Northamptonshire is a modest county that tends to be overlooked by London country-house buyers in favour of more fashionable areas such as the Cotswolds or the Newbury-Hungerford-Andover triangle. This is something of a mystery to Jonathan Harington of London-based buying agents Haringtons UK (020–7661 9388), who lives there and finds that Londoners who buy in the county are agreeably surprised by its unspoilt countryside, great road links, good train services and stone villages ‘as lovely as any to be found in the Cotswolds’. ‘
Even more surprising is the price differential between the two regions —as much as 50% less in the Banbury- Towcester-Daventry triangle west of Northampton, than in the Cotswolds, or on the Hampshire/Berkshire border. The less well-known area to the east of Northampton is cheaper still,’ Mr Harington adds.
The picturesque stone village of Duddington, on the county’s eastern fringe, stands on the east bank of the River Welland, close to the meeting point of Northamptonshire and three other counties—Cambridgeshire, Rutland and south Lincolnshire—and the junction of the A47 and A43. The prime property market in this area is driven by the proximity of outstanding schools at Oundle, Oakham, Upping ham and Stamford as well as easy access to mainline stations at Kettering and Peterborough. Yet, despite fast and frequent services to London, buyers of country houses here are usually either locally based or work in the North.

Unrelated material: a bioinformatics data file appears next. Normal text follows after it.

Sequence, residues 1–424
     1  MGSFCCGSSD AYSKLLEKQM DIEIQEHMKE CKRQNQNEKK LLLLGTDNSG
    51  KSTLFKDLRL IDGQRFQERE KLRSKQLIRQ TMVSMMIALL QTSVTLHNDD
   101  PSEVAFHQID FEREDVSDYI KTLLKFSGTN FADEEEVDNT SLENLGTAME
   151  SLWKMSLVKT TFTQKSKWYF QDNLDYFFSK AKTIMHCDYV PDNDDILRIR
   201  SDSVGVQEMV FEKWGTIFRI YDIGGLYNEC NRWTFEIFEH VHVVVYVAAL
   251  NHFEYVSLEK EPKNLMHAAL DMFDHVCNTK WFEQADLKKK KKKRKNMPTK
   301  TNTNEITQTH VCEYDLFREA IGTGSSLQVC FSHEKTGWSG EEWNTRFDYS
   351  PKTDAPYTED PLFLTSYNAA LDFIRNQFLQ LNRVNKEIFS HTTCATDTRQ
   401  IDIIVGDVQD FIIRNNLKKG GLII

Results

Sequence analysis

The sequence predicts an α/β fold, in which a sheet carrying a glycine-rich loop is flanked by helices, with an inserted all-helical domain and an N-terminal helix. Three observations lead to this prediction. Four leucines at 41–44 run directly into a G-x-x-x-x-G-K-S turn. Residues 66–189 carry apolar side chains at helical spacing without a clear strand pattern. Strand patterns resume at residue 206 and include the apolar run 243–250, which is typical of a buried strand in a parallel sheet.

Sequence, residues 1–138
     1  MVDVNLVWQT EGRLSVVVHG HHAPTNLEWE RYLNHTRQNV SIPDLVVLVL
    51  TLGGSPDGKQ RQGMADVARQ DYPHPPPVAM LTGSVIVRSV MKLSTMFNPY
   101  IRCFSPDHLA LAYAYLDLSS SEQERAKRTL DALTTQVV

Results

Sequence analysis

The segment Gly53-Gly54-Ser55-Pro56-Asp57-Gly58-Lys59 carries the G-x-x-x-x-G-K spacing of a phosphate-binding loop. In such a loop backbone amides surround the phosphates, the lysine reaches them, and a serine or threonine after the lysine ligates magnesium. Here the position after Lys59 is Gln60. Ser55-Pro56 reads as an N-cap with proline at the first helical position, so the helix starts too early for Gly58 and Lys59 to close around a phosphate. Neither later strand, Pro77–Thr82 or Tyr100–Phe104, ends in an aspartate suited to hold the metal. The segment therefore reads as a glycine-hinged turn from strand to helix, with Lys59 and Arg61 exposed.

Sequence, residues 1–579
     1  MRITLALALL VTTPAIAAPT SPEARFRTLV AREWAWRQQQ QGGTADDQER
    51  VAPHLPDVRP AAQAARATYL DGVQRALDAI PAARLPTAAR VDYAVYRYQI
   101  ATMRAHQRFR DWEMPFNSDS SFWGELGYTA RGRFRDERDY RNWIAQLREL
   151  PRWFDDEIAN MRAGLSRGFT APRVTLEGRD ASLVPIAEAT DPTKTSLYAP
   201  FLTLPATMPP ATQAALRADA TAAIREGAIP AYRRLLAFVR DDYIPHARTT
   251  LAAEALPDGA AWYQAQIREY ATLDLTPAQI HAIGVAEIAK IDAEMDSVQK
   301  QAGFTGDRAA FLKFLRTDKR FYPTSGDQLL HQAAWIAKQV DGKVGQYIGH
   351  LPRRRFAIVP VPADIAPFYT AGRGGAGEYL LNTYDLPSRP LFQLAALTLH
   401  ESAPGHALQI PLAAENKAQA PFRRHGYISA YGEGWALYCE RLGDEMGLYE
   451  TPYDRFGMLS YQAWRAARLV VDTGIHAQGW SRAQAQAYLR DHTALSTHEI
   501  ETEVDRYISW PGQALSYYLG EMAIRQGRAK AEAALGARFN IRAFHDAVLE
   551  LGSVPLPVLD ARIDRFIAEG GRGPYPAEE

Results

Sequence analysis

The sale of historic, Grade II-listed Duddington Manor and its outlying buildings, through Berrys (01536 532376) and Knight Frank (020–7861 1093), offers a number of intriguing options, at guide prices of £2.1 million for the eight-bedroom manor house, with extensive outbuildings and formal gardens overlooking the river; £300,000 for the coach house with potential for conversion; £325,000 for the two-bedroom former post office and schoolhouse; £400,000 for a range of traditional stone buildings with planning consent for conversion to two houses; and £200,000 for an 18thcentury field barn with grazing and development potential. Owned by the same family for more than 400 years, the estate is being sold because they no longer reside in this country.